Thursday, January 19, 2006

A word in your shell-like

Norm posts on language. This is what he says:
Sometimes, before getting to the message itself, the person delivering it inadvertently gives away what the message is going to be. Julia has been for a job interview. She's waiting to hear from a friend - Anne - whether she's got the job or not. Anne works in the organization where the job is on offer, has inside information, and has undertaken to let Julia know the outcome of the appointments process before applicants are informed officially. Julia is waiting for Anne's call. The phone rings, Julia picks it up and the voice at the other end says:

Hi Julia, it's Anne, I'm afraid.
What can Julia infer? Let us consider.
  • the obvious - "sorry: you haven't got the job".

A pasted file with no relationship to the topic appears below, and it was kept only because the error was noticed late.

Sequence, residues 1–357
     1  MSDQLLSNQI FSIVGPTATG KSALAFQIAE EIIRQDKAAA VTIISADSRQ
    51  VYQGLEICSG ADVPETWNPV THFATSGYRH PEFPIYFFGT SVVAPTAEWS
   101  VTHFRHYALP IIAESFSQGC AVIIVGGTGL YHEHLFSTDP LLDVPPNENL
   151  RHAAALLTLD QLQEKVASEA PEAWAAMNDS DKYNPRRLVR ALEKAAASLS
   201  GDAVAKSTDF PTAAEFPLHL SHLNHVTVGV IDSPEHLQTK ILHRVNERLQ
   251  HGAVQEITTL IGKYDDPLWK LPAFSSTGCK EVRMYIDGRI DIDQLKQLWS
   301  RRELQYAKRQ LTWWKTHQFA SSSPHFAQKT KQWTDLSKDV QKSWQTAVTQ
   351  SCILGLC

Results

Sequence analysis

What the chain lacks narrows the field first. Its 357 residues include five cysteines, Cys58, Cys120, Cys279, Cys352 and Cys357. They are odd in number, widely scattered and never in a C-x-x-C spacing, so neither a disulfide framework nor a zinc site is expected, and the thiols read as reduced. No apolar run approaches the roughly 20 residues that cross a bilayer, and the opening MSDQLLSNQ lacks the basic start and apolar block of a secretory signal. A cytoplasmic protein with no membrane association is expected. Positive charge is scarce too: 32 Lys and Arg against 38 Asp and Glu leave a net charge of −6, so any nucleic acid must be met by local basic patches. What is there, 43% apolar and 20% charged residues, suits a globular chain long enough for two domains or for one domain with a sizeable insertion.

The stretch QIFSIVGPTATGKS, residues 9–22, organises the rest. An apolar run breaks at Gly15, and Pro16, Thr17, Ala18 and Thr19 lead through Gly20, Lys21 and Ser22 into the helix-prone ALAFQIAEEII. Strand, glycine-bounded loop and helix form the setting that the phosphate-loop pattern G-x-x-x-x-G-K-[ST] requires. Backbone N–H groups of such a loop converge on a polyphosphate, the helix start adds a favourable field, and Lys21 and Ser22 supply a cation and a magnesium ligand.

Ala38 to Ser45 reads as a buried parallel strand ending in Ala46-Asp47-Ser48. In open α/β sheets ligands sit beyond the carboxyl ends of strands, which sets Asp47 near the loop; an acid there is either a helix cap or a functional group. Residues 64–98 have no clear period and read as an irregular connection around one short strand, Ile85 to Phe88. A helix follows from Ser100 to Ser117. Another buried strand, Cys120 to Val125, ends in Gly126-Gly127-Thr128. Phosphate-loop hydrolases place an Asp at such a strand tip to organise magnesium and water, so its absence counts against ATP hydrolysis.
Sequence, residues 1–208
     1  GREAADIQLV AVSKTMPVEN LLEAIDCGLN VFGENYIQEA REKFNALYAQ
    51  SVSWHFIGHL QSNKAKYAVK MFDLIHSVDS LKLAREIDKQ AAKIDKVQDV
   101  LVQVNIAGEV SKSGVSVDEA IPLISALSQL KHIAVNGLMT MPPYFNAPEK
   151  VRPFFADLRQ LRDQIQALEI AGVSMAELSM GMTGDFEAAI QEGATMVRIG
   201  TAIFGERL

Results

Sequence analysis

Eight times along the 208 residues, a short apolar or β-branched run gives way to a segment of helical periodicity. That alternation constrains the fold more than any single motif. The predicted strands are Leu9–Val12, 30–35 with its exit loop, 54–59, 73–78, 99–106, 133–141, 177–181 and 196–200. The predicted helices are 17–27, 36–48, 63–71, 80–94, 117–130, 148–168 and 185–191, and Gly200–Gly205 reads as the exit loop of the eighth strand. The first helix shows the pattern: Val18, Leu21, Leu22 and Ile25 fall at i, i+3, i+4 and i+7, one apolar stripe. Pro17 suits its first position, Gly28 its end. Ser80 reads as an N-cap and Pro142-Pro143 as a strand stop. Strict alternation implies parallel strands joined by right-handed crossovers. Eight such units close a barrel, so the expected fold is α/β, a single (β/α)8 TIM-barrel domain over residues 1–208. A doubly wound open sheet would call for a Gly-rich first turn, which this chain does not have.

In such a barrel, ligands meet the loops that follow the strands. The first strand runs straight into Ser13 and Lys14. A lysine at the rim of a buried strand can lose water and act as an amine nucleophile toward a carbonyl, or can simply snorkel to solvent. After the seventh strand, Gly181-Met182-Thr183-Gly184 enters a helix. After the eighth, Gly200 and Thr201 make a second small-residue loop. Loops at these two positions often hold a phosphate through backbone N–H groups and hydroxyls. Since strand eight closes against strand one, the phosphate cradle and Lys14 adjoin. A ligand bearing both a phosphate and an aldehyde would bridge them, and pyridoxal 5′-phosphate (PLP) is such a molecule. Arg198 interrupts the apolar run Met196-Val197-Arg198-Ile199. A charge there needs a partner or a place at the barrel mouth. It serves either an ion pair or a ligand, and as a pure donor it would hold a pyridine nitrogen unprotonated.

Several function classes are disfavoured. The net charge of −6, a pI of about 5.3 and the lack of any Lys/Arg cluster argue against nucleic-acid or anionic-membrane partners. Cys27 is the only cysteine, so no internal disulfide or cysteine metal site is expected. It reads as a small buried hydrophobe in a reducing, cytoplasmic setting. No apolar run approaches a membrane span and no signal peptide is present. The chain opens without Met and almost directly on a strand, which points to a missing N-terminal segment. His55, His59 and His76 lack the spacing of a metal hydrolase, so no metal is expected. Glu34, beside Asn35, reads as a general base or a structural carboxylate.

• the sardonic - "you'll be working with me. It'll be terrible. Just you and me. Together. All day. Everyday. We'll begin to hate each other."
  • the cynical - "why do you want to come and work at a disfunctional organisation like this?"
  • the humorous - "Can you start monday?"
It depends, partly, on tone of voice. It also, partly depends on the character, the relationship, and the sense of humour of Anne. As Johnny Five says "Need more input".

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